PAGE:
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Defense Stands Up To Lynch

Posted Dec 22, 2013

Notebook: Floyd makes huge TD catch; Secondary shuts down Seahawks

Linebacker Daryl Washington and the Cardinals bring down Seahawks running back Marshawn Lynch during a crucial late first-half sequence during Sunday's 17-10 win in Seattle.

SEATTLE – Marshawn Lynch was edging into his vaunted beast mode here Sunday, and then a gang of birds pulled him back down to human levels.

The Seahawks’ star running back was finding holes and breaking tackles for much of the first half, racking up 58 yards on his first nine carries. The Cardinals’ rush defense, though, flexed its own highly touted muscle the rest of the way, bottling up Lynch in one of the keys to the 17-10 upset at CenturyLink Field.

On Lynch’s final nine carries, he accumulated only 13 yards, finishing with 18 for 71 for a 3.9 yards-per-carry average. Defensive end Calais Campbell said there weren’t any adjustments, just the NFL’s top-rated run defense playing to its capability.

“I think they realized that we came to play,” Campbell said. “They’re a good running team, but we work hard and we take pride in stopping the run.”

The shift began late in the first half, when an interception by Malcolm Smith set up the Seahawks with 1st-and-goal from the 3. Lynch gained two yards on first down and nearly stretched the ball into the end zone but was marked just short.

On second-and-goal, Karlos Dansby and Dan Williams made one of the biggest plays of the contest, standing up Lynch for no gain. Seattle threw incomplete on third down and Steven Hauschka missed a 24-yard field goal on fourth to keep the game tied at 3 entering halftime.

The Cardinals dominated the line of scrimmage after intermission.

“Our defensive line coach (Brentson Buckner) was on us all week: ‘Knock these guys back and make (Lynch) bounce side to side, because that’s not what he’s good at,’” defensive tackle Darnell Dockett said. “He’s good at coming downhill. We worked hard at it, and hard work paid off today.”

MICHAEL FLOYD TRIES, TRIES AGAIN

Two times on Sunday, quarterback Carson Palmer threw the ball to wide receiver Michael Floyd in the end zone against one-on-one coverage, and it didn’t end up so well.

Floyd caught a 32-yard pass for a touchdown late in the second quarter, but it was negated because of offensive pass interference when he pushed Richard Sherman. On the second attempt, with the Cardinals nursing a three-point lead early in the fourth quarter, Floyd darted left while a heavily-pressured Palmer threw right, and Sherman picked off the pass.

Palmer wasn’t deterred. He saw Floyd matched up in single coverage again as the Cardinals trailed 10-9 with under three minutes remaining. Palmer threw a deep pass down the left sideline, and while Floyd initially bobbled it, he held on, sliding across the end zone for the game-winning points.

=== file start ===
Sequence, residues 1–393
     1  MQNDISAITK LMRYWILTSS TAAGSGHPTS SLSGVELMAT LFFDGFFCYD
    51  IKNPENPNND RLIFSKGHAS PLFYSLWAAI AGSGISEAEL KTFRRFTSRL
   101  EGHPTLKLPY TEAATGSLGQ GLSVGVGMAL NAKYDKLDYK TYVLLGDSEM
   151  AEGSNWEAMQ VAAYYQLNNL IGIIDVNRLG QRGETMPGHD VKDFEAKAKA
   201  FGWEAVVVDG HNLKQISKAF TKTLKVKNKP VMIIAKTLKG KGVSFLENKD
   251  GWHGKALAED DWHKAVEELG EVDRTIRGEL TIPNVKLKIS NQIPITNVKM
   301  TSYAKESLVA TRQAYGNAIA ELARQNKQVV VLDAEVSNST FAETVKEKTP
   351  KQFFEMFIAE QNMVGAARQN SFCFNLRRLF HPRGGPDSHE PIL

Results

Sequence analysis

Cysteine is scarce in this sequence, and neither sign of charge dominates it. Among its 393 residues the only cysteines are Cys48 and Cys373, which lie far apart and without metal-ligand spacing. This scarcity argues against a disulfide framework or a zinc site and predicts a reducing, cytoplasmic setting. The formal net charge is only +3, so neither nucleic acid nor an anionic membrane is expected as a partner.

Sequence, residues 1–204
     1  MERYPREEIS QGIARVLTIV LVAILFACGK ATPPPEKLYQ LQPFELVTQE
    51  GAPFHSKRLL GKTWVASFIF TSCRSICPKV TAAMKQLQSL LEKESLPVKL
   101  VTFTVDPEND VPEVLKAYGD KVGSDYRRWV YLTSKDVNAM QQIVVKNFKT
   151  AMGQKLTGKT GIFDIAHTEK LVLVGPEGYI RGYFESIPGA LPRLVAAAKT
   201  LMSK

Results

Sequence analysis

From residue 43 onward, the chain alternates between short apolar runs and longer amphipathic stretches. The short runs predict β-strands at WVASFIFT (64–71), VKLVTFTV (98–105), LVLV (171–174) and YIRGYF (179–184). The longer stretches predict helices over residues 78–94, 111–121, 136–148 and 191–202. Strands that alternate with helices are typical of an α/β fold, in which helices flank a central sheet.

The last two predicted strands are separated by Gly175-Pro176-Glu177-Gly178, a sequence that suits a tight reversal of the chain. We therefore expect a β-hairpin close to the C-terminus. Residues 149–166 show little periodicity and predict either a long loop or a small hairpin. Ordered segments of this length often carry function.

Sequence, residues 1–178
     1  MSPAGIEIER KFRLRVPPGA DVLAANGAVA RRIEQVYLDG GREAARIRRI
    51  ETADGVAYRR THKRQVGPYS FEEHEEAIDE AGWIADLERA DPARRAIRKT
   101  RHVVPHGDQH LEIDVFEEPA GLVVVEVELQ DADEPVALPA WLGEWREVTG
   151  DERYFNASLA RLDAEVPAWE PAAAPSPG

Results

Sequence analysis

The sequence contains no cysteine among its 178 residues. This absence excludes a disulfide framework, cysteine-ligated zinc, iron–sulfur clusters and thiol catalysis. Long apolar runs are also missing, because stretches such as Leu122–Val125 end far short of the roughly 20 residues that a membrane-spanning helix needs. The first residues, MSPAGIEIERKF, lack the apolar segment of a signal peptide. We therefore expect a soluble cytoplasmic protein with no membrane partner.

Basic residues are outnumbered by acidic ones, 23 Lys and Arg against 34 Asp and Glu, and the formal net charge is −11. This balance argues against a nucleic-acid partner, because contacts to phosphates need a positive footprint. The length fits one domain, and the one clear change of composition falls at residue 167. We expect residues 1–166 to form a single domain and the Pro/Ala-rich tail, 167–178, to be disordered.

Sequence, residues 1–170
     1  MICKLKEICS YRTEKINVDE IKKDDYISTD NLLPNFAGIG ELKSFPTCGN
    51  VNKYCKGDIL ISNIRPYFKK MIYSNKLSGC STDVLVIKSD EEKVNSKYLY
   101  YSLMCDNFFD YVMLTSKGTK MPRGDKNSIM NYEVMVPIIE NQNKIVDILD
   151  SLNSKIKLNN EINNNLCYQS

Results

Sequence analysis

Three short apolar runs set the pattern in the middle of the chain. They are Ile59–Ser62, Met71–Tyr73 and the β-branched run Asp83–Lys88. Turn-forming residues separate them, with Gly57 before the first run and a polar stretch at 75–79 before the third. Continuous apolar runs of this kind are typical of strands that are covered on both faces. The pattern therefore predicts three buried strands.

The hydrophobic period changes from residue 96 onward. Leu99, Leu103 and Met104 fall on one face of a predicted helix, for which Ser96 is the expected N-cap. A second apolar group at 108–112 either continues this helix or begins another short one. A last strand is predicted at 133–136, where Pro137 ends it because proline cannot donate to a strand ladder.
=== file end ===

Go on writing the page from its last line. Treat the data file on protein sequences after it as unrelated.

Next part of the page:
“I knew it was a good ball and I knew Mike was going to get by him,” Cardinals coach Bruce Arians said. “It was just a matter of, was he going to be able to finish the catch?”

It was Floyd’s lone reception.

“If we’re going to get beat, they’re going to have to be on ESPN about it,” Seahawks safety Earl Thomas said.

“Mike, that goes to show the resiliency I am talking about,” Palmer said. “His number wasn’t being called and he wasn’t getting opportunities all game long. And then the biggest opportunity he gets all game, it is the game-winner.

“It’s hard when you are being asked to block linebackers and linebackers and linebackers. You finally get a chance and to keep your mind in the game and keep the focus on pulling in the ball speaks to his maturity.”

SECONDARY DOES MORE THAN JUST WEATHER INJURIES

The defensive backs were without starting free safety Tyrann Mathieu and his backup, Rashad Johnson, but the group completely neutralized the Seattle passing game. Seahawks quarterback Russell Wilson was 11-of-27 for a career-low 108 yards with one touchdown and an interception.

“For whatever reason, we just couldn’t find guys open,” Seahawks coach Pete Carroll said. “You have to give them a lot of credit. They did a nice job.”

Undrafted rookie free agent Tony Jefferson started at free safety and finished the game with three tackles – including a big one on Lynch near the goal-line – and a quarterback hit.

Cornerbacks Jerraud Powers and Patrick Peterson played very well, as Golden Tate finished with two catches for 34 yards and Doug Baldwin had one eight-yard reception. They were targeted a combined nine times.

“We were all over their guys,” Arians said. “Jerraud Powers made some great plays. He has great ball skills and did a great job.”

EXTRA POINT PENALTY RAISES EYEBROWS

Seattle kicker Steven Hauschka had an extra point blocked by linebacker Daryl Washington, which kept the game knotted at 9 with 7:32 left in the fourth quarter. However, Washington was flagged for an illegal formation penalty for lining up over the center, which gave Hauschka a mulligan, and he made his second try for the 10-9 lead.

“The defender has to be completely outside the frame of the center’s body,” referee Scott Green said. “In this case, we felt that he was covering his shoulder, and that’s why the call was made.”

Mike Pereira, the former Vice President of Officiating for the NFL, disagreed with the call.

“Arizona did not attack the center,” he tweeted.

 

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